Characters created for a game of Horizon Zero Dragons are made using the same rules as the core game except as noted here.

Key Differences

Ability Scores

Instead of the six abilities used in Dungeons & Dragons, characters have the following four abilities: Might, Finesse, Acumen, and Spirit.

  • Might. A creature’s might is a measure of their physical strength and their toughness.
  • Finesse. A creature’s finesse is a measure of their agility, quickness, and manual dexterity.
  • Acumen. A creature’s acumen is a measure of their ability to understand and to reason, as well as their ability to socialise through intellect and wit. .
  • Spirit. A creature’s spirit is a measure of their liveliness, their willpower, and their raw force of personality.

Additionally, Horizon Zero Dragons doesn't use ability scores, replacing them with grades (see below). The most important information about your ability is your modifier, so these rules bring those bonuses and penalties front and central!

Assigning Ability Modifiers

When creating a new character, assign the following array of modifiers between your four abilities: +2, +1, +0, and -1.

Assigning Ability Grades

After distributing modifiers among your four abilities, you assign each modifier an A, B, C, or D letter grade. Each of these grades is assigned once, to one of your four abilities.

Grades are referred to whenever you need to compare two creatures with identical ability modifiers, or when you need to break a tie. As is usual for letter grade systems, A beats B, B beats C, and C beats D.

Creating your Hunter

When creating a standard character, you select a race, a class, and a background. When creating a character for Horizon Zero Dragons you don't have the same choices. None of these three concepts exist in the game! Here's why:

All player characters are hunters: individuals who are brave and skilled enough to venture beyond the settlements and trade routes and eke a living out in the wild among the increasingly numerous and deranged machines. Other professions exist in the setting, but they don't make suitable characters. Player characters are by definition adventurers, and all adventurers in the world of Horizon Zero Dawn need the skills of a hunter to survive. However, there is a broad spectrum of hunters in the world and you can have your character learn skills and tools associated with other professions.

Though every character is a hunter, you'll make a lot of choices. The hunter contains a lot of options allowing for significant variety. With a little group collaboration, no player character hunter need be exactly like any other in their party!

One of the earliest decision you make for your hunter is the tribe into which they were born. This is similar to picking a race for a standard character, but it's encapsulated within your hunter progression to facilitate streamlined character creation. Available tribes include the Banuk, Carja, Nora, Tenakth, and Utaru. With your GM's permission you can also play a member of a custom tribe, developed by you.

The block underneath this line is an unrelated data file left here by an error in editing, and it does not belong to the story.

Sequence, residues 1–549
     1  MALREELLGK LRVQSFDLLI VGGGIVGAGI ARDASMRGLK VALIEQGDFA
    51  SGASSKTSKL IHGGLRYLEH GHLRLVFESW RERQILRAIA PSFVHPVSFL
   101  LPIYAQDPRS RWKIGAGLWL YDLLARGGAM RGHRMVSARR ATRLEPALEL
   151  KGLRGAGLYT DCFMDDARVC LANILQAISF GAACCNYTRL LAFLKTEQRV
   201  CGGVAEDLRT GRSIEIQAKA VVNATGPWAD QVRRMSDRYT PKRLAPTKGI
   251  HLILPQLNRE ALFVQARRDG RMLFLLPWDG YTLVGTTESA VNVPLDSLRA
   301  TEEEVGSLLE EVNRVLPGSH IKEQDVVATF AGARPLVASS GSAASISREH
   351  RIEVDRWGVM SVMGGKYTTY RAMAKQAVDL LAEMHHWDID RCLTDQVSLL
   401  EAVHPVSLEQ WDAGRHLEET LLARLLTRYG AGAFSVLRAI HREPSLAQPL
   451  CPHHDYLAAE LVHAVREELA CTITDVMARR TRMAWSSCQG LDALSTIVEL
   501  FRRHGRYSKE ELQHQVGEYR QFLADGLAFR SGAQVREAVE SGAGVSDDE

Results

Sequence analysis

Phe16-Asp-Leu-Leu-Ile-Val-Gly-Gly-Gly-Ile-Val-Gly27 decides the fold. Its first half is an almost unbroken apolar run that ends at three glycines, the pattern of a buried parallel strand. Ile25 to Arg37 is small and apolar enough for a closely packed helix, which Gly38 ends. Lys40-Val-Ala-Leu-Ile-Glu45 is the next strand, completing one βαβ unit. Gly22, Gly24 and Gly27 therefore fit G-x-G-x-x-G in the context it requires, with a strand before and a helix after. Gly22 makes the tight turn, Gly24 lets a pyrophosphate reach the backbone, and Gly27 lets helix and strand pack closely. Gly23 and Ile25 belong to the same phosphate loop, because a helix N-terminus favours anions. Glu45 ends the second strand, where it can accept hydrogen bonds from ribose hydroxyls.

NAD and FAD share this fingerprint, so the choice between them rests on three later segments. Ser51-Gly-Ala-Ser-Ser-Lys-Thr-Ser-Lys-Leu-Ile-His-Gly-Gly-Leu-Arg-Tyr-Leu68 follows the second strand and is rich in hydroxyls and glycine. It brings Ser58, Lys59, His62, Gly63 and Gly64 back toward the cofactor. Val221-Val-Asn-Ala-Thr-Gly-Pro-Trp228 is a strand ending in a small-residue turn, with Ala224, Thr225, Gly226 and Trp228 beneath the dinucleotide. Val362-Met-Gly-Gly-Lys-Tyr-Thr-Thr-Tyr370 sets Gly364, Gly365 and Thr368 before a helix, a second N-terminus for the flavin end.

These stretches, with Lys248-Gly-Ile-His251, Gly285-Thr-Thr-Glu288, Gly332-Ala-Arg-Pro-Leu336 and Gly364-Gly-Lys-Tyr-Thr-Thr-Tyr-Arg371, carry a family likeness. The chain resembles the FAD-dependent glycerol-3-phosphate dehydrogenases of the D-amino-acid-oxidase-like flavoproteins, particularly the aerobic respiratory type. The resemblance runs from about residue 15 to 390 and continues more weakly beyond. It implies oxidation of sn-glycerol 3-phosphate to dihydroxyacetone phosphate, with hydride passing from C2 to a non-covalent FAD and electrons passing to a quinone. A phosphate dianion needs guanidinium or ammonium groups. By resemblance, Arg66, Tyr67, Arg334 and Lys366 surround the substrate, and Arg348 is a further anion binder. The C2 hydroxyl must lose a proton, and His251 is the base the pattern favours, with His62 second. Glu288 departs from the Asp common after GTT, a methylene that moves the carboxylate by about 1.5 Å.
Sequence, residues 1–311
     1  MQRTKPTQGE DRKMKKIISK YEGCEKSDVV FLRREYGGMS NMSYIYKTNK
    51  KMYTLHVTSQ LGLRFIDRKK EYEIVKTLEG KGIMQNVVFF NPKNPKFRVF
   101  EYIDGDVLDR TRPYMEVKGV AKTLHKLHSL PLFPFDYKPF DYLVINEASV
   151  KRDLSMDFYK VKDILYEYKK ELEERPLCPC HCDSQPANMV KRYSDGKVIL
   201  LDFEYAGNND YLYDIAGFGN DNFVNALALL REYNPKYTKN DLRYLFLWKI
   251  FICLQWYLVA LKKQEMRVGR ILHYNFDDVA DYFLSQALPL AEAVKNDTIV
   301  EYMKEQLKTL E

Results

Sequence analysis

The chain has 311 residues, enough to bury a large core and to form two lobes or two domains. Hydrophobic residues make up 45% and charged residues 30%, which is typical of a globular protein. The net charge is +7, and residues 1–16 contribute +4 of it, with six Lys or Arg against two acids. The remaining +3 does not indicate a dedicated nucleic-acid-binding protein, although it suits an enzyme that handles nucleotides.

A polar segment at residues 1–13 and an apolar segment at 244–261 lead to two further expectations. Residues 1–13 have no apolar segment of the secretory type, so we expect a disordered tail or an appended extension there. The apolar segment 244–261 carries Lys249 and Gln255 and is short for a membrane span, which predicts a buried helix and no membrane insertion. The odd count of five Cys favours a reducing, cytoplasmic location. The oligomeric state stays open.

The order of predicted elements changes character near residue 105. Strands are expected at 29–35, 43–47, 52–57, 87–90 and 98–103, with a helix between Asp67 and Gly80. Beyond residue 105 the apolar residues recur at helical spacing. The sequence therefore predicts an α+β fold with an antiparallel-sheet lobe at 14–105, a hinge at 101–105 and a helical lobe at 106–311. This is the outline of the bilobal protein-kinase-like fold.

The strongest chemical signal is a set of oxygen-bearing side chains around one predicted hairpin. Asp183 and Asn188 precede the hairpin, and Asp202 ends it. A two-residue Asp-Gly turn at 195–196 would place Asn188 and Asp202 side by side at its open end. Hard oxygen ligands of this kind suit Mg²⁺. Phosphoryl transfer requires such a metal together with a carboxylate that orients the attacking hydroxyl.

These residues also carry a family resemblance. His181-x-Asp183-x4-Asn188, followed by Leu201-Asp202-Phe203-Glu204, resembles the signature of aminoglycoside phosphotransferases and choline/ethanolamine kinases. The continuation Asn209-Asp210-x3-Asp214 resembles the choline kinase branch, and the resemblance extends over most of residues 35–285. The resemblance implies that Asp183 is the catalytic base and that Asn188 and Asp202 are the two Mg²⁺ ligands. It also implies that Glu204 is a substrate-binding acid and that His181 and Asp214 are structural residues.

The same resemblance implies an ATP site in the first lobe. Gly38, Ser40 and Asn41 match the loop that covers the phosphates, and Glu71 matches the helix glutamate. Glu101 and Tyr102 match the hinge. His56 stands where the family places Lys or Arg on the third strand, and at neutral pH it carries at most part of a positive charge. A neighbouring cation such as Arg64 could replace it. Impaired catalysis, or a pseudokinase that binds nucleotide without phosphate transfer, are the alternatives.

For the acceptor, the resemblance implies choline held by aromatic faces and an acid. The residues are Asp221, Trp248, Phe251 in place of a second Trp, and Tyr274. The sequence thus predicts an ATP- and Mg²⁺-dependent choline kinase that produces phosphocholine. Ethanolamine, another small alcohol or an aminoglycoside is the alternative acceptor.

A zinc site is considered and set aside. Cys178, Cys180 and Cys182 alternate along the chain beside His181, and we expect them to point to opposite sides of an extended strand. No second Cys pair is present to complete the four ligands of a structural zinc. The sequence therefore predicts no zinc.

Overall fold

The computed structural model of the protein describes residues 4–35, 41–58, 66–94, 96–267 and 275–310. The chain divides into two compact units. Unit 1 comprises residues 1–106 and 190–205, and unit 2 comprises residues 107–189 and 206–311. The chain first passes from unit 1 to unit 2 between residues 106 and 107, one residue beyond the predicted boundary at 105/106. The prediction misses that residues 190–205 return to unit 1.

For most characters, your choice of tribe will also dictate other class features known as tribal techniques. But it doesn't have to! In unusual circumstances a person might be a member of one tribe for part of their life, but then live among another. You might represent this by picking one tribe, then choosing to gain the tribal features of a second tribe. Imagine for instance a Nora, outcast with their parents as a youth, who ended up having to leave the Sacred Land and live among the Banuk. Talk to your group about unusual concepts you might want to play, just so that everyone doesn't show up with similar ideas!

Note that in Horizon Zero Dragons you don't pick a background. The character's life-long hunter training and tribe of origin combined are their background. Accordingly, the mechanical benefits that would normally be granted by a background are instead incorporated into your hunter features, including your proficiencies and the benefits of your tribe.


Some hunters meet the requirements to join particular groups and traditions or otherwise acquire uncommon new capabilities. These hunters have acquired a prestige. When you have one or more prestige, you still belong to the hunter class and gain its features as you increase in level. However, each prestige gives you access to new options that you can select in place of an equivalent hunter feature when you level. Usually, prestiges allow you to select their features whenever you would normally select a hunter's prowess feature.

You may select prestige features from the first time you gain a level after meeting the prestige's requirements.

Multiple Prestiges

It's possible for a hunter to belong to multiple prestiges. If you do, each time you level you can select from among any features for which you qualify from any source available to you.

When you retrain features, you can retrain them to any other feature that is normally interchangeable from any available source. For instance, let's say that your hunter has access to both the focused hunter and machine master prestiges. When you gain a hunter class level and want to retrain a feature into something new, any of the following exchanges would be legal for you:

  • You can retrain a hunter's prowess into a focus ability or an override upgrade for which you qualify.
  • You can retrain a focus ability into a hunter's prowess or an override upgrade for which you qualify.
  • You can retrain an override upgrade into a hunter's prowess or a focus ability for which you qualify.

Your Skill and Tool Proficiencies

The list of available Proficiencies differs from the core game rules. See the proficiencies page.

Horizon Zero Dawn is the sole intellectual property of Guerilla Games. This is purely a fan work. Rules presented work with D&D 5e. Text and game mechanics presented in this wiki are not Open Game Content and should not be reproduced or repackaged in any way.